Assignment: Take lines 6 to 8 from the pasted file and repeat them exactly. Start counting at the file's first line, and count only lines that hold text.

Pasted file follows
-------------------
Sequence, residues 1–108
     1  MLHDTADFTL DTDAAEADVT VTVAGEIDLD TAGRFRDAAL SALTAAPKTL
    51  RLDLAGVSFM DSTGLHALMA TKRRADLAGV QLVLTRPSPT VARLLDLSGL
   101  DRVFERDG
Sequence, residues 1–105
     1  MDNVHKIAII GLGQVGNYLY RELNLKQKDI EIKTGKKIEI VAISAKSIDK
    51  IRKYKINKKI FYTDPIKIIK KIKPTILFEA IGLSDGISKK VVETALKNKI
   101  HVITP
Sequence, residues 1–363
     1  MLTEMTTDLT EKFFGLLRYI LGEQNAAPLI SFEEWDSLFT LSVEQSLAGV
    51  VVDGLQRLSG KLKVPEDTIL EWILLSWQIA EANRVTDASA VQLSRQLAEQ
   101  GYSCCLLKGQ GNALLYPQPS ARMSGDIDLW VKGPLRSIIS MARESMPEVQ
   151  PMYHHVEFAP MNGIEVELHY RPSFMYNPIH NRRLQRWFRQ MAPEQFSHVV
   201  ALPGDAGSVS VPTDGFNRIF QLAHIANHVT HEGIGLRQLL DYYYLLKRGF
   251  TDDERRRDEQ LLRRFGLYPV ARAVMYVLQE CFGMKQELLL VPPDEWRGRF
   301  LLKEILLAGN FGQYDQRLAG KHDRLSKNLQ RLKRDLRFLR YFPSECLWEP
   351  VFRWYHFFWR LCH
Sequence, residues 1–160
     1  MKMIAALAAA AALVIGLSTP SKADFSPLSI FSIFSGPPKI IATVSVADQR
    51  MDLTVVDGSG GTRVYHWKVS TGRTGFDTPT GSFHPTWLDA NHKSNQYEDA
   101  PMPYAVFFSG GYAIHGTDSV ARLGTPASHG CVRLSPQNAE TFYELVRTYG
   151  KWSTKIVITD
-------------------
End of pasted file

     1  MDNVHKIAII GLGQVGNYLY RELNLKQKDI EIKTGKKIEI VAISAKSIDK
    51  IRKYKINKKI FYTDPIKIIK KIKPTILFEA IGLSDGISKK VVETALKNKI
   101  HVITP